What the Pope told Caritas

Last Monday, Pope Francis met with a Delegation of Caritas Spain, according to Vatican terminology. I have to confess that I took a few seconds to see who was in that audience.

I hardly have to move around that environment, because except for Cardinal Omella, always recognizable, the responsible bishop, the president of Caritas and the General Secretary, I did not know how to name anyone else. Perhaps it should be so.

The interesting thing about the meeting was, without a doubt, the Pope’s speech. The writing and the spontaneous interpolations that he added. Logical in Pope Francis, little given to schemes.

The Pope said that Caritas has earned the respect of Spanish society, believers and non-believers. Without a doubt, respect and admiration. And immediately the question arises: How has this been possible? What has made Caritas a recognizable and accepted brand by all? Is it possible to move away from identification with the Church, with the bishops, with the priests?

“It is not the results -said the Pope- that move us, fulfilling programmed objectives, but putting ourselves in front of that person who is broken, who does not find his place, welcome him, open paths of restoration for him, so that he can find herself, being able, despite her limitations and ours, to seek her place and to open herself to others and to God”.

This, I believe, is the first key to Caritas. The glances that the volunteers intersect with the people who have arrived there. Day after day, week after week. Life stories that they then discuss among themselves, that refer to their relatives, that move people’s hearts, that make children and young people wonder why I have everything I have, and that person, nothing.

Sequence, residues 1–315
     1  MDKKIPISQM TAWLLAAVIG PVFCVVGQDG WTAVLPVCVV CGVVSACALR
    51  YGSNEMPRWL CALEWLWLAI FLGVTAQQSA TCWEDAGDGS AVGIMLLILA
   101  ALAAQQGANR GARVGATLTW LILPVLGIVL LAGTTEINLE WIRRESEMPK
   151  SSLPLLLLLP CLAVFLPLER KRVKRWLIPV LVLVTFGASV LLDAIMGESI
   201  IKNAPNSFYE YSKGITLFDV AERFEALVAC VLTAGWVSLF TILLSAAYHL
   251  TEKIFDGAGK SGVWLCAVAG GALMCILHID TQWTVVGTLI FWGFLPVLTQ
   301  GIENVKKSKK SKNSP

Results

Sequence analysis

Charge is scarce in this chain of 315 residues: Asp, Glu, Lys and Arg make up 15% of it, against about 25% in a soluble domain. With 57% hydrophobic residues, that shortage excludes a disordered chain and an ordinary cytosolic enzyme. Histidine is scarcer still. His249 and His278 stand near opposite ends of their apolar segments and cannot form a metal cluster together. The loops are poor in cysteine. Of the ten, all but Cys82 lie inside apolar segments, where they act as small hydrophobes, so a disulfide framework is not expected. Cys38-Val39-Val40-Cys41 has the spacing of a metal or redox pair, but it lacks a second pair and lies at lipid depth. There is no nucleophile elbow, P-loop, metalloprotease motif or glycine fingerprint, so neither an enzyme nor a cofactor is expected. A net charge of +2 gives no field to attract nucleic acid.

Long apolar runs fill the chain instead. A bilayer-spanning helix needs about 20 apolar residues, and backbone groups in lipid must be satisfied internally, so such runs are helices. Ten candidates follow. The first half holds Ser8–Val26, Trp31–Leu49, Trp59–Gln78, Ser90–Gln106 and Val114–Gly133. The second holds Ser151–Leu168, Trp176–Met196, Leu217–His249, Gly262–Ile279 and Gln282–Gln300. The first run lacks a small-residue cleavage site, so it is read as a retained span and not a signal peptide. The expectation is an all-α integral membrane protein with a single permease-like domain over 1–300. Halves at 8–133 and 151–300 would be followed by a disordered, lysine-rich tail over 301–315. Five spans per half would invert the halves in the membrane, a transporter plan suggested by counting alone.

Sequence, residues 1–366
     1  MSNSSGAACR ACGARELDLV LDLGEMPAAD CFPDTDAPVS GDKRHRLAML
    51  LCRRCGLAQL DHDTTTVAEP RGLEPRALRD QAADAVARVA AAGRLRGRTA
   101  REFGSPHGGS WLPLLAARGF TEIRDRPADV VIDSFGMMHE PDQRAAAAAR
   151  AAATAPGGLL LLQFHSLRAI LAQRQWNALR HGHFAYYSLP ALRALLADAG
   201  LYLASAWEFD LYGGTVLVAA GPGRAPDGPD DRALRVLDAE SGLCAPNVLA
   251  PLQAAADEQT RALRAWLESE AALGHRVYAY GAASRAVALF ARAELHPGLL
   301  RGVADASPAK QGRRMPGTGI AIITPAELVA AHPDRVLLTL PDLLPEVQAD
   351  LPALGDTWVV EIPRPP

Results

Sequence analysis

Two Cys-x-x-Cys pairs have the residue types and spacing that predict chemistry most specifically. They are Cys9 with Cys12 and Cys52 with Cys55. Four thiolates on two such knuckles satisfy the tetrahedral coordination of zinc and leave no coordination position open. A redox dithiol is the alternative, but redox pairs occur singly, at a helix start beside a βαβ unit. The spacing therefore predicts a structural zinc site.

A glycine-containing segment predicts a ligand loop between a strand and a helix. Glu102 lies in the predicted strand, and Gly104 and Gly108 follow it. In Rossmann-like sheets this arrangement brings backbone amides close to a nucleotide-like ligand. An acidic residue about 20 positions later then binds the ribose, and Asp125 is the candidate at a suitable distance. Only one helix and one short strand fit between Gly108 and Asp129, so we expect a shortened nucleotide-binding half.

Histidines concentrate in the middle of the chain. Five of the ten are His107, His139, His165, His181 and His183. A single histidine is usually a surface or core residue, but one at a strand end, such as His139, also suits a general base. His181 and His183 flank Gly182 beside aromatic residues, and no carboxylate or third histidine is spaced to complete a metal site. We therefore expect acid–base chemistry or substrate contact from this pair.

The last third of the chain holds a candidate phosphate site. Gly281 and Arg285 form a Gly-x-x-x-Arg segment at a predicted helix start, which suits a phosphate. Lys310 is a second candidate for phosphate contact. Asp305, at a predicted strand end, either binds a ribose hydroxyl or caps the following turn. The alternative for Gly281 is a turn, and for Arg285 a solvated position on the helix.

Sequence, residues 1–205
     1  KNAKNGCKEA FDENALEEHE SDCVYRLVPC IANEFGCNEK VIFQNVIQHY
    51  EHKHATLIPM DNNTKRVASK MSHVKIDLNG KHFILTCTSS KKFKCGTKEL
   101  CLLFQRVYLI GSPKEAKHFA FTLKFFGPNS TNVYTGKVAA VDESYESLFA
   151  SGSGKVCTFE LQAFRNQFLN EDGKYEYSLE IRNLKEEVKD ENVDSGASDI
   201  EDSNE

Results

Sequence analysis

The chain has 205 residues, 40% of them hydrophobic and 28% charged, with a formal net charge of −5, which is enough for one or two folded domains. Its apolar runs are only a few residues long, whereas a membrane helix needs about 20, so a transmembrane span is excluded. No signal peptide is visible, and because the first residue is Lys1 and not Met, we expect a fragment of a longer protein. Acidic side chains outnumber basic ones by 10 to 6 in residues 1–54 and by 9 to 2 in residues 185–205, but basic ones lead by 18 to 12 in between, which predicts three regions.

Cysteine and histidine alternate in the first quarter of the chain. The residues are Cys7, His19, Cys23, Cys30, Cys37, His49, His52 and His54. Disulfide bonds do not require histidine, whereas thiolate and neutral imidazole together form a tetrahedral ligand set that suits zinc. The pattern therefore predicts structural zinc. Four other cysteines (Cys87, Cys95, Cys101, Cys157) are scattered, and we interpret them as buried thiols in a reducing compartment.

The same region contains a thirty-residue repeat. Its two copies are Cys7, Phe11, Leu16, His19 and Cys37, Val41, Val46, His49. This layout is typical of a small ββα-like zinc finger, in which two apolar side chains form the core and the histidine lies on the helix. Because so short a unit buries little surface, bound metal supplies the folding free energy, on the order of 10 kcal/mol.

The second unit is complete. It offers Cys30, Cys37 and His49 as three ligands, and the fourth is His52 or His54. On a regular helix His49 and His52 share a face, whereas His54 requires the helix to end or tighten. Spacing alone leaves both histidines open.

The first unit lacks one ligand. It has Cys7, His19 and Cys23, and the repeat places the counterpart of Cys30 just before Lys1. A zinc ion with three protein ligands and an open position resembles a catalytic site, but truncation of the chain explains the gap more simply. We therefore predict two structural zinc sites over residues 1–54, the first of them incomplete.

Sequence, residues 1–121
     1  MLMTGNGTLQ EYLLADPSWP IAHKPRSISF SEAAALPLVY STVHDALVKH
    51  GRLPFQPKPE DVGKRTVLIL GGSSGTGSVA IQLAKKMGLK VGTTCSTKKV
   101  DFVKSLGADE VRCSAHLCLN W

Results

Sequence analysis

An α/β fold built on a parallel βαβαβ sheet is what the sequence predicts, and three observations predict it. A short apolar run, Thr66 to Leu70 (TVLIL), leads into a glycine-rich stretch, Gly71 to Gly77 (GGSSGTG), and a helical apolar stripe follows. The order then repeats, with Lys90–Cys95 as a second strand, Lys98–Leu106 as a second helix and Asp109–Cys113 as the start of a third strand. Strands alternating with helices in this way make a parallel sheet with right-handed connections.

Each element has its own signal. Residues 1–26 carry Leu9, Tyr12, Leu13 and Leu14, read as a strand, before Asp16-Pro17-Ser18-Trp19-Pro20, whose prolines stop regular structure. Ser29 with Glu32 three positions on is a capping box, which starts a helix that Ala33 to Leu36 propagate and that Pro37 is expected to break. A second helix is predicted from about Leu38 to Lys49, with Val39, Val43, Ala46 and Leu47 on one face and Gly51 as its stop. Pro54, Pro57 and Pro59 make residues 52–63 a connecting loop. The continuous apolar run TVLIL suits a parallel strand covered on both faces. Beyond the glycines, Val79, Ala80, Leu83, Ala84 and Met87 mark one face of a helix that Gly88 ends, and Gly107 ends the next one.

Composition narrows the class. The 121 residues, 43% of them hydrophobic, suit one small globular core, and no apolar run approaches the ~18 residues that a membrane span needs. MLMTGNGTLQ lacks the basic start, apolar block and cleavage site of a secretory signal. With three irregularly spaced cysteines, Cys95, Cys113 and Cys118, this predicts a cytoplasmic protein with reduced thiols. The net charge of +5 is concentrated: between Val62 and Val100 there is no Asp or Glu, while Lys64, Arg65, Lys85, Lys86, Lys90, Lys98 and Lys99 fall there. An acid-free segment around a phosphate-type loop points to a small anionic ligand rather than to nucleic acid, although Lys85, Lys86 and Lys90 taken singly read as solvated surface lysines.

“Look at the brother who is fallen, let us not forget that the only time it is lawful for us to look at a person from top to bottom is to help him get up, then never again,” the Pope added later.

It is true that the Pope’s reference to the bags of food was an invitation not to stay with that necessary, but insufficient reason.

Not a few people who come to Cáritas need food for the week, pay the electricity bills, rent the apartment before they kick her out, school supplies so that their children can have notebooks in which to do their homework.

But it is also true that we must go one step further, without neglecting that the first thing is to live. We must extend the hand of Christ, a metaphor for the Pope, an invitation to the reality of the Pope, to offer “the person an open door to a new life.”

And this is done not with great macroeconomic policy designs, but hand over hand, intelligence, capacity and will. It is clear that Caritas is not the hand of any welfare state, nor a regulator of the welfare state. There is no more Caritas policy than that of looks and hands, and that of that necessary supernatural vision to which the Pope is inviting everyone in his speech, as the key to action. Hence, the protagonist of Caritas is the poor Christ who approaches, Christ the gift who gives himself.

Finally, the Pope, who clarifies that he is not referring specifically to Caritas Spain, speaks of one of his favorite topics, the risk of it becoming a “great charity company”. Also in resource management.

Oh, and thank you holy father because I had no idea about the book “Little Brother” by Ibrahima Blade. First news of that story, perhaps because I don’t usually watch or hear the program “Raw Meat”.

What the Pope told Caritas